Burma is a colourful place, particularly in the clothes department. There’s no concept of “The New Black” round here; black was never in. Bright and beautiful is the norm across all 135 of Myanmar’s diverse ethnic groups, which, as well as having distinct traditions and dialects, have their own tribal textiles and outfits. That’s a helluva lot of textiles.
While jeans and t-shirts are undoubtedly on the up, on tribal national days, weddings and special occasions everybody proudly dons their identifying uniform.
Let’s have a look at the outfits of the Chin Tribe, our “mother” tribe (Kalinko coming from Ka-Lin-Kaw, a Chin sub-group). We’ll start from the chin down…
If you’re in Northern Chin State, you may find a head-hunter necklace just below the chin. Borrowed from the nearby Naga tribes, this is traditionally the symbol of a successful hunter, and an excellent way to ward off unwanted intruders.
Handwoven tunics are woven and worn by the women of the Laytu Chin Tribe. These are usually fuchsia and heavily beaded. Traditionally the beads would have been seeds or shells, but more commonly today they use little glass or plastic beads.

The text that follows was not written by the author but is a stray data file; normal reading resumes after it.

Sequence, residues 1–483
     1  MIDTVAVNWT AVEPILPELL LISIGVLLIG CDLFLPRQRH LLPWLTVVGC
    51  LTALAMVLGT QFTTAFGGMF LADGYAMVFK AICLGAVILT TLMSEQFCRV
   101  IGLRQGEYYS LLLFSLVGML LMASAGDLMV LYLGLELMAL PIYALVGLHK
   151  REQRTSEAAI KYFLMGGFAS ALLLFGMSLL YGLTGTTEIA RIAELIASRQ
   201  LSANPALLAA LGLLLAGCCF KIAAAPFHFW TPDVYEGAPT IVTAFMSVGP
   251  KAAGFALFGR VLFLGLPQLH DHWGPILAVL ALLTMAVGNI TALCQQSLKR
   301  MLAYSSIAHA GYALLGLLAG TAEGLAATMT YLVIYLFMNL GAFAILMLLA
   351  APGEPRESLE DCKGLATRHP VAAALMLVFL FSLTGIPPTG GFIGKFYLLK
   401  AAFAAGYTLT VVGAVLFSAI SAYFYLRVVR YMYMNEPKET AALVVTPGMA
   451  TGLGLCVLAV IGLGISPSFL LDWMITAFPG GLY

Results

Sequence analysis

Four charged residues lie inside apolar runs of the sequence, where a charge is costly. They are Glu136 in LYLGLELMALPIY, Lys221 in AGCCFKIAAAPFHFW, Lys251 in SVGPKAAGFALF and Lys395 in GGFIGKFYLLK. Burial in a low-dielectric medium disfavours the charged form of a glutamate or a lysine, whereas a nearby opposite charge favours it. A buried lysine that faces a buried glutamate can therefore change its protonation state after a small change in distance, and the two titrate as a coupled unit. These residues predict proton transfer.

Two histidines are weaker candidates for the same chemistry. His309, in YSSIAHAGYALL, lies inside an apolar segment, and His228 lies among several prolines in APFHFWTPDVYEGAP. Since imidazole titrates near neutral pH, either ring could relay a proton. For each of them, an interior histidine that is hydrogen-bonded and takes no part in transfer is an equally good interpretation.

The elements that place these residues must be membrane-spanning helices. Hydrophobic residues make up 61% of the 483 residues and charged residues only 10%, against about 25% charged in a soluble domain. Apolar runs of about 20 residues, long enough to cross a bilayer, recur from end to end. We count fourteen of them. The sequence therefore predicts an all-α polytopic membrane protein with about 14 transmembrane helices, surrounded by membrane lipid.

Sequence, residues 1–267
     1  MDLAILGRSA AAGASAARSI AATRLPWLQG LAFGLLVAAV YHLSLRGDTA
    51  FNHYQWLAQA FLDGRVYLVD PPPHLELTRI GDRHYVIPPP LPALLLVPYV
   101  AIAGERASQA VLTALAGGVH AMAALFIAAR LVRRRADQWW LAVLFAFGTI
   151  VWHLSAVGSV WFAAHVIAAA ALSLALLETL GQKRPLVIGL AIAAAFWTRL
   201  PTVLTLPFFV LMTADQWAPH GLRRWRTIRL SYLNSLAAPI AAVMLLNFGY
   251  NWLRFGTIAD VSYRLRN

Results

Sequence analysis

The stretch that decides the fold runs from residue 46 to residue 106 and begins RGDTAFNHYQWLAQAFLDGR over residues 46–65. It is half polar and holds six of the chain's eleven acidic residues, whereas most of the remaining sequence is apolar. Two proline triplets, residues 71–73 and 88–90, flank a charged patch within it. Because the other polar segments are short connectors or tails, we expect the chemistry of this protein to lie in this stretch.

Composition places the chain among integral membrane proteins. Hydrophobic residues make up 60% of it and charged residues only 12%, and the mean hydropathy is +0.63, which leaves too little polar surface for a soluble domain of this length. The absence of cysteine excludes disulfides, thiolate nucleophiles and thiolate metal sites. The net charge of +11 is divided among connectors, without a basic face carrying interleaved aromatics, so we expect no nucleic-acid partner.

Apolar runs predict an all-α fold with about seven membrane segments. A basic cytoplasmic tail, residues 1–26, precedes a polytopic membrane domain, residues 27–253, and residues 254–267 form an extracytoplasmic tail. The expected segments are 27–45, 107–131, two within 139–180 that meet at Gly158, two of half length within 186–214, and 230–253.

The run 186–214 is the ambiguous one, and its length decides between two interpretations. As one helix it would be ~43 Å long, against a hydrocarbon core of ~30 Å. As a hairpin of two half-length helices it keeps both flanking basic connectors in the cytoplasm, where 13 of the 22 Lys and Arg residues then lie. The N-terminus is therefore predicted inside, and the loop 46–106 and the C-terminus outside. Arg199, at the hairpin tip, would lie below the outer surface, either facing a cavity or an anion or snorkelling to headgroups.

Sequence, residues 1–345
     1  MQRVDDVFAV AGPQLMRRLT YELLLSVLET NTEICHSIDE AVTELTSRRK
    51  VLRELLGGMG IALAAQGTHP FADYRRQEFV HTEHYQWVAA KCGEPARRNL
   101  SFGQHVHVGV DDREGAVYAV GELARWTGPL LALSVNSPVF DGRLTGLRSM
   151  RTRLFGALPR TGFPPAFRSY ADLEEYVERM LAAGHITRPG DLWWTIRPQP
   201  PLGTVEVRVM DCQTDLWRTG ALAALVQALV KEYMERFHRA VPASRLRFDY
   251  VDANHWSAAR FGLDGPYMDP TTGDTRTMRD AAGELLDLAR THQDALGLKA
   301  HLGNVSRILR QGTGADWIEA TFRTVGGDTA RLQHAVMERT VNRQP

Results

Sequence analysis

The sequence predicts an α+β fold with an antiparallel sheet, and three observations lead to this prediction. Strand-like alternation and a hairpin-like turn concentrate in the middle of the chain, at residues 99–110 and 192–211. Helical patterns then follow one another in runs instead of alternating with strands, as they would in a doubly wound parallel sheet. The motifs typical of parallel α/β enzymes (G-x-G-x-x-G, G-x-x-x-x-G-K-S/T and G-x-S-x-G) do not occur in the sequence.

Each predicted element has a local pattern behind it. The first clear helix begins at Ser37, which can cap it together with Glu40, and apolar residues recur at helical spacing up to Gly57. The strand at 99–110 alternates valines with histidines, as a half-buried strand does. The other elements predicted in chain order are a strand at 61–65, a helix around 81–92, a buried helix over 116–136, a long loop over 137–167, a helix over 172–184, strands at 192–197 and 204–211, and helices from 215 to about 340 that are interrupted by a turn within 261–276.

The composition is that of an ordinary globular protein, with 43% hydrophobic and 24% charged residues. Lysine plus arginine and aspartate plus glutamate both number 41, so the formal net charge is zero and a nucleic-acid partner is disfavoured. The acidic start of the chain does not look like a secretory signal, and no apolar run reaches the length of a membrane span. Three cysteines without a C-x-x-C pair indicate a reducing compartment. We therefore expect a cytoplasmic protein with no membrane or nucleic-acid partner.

Hakha Chin women will most likely wear broad silver or gold coloured bands round their waist, partly to keep their longyi in place (useful!), and partly as a display of beauty.
Many Chin tribes will wear an intricate ankle-length Longyi, called a Htamein for women and Pasoe for Men. These could be striped, intricately patterned, beaded or plain, but will almost always be brightly coloured.
The women of the Khumi Chin tribe wear a shorter, tube-skirt, with a long beaded fringe. Traditionally, they didn’t wear anything else at all, but with time a sort of modesty shawl, called an akhin was added, and today’s Khumi women wear a shirt underneath this as well.
A crucial part of the Laytu Chin tribe’s appearance, this time from the chin up, is their facial tattoos (look closely!). Nobody knows how long this tradition has been alive for, nor the real meaning behind the patterns, but in remote parts of Southern Chin tattooed women still exist, their faces reflecting the intricate weaving patterns of their tunics.
At Kalinko, some of our cushions start life as pieces of tribal clothing. While traditional clothing is worn less and less, it is still very much part of a weaver’s repertoire in Burma, and we are keen to preserve the original purpose of weaving in our products. While we work closely with the weavers to create new palettes, we stick steadfastly to their traditional patterns, not wanting to interfere with their significance or meaning, and to ensure that the products remain true to their source.
Here are some of our favourites: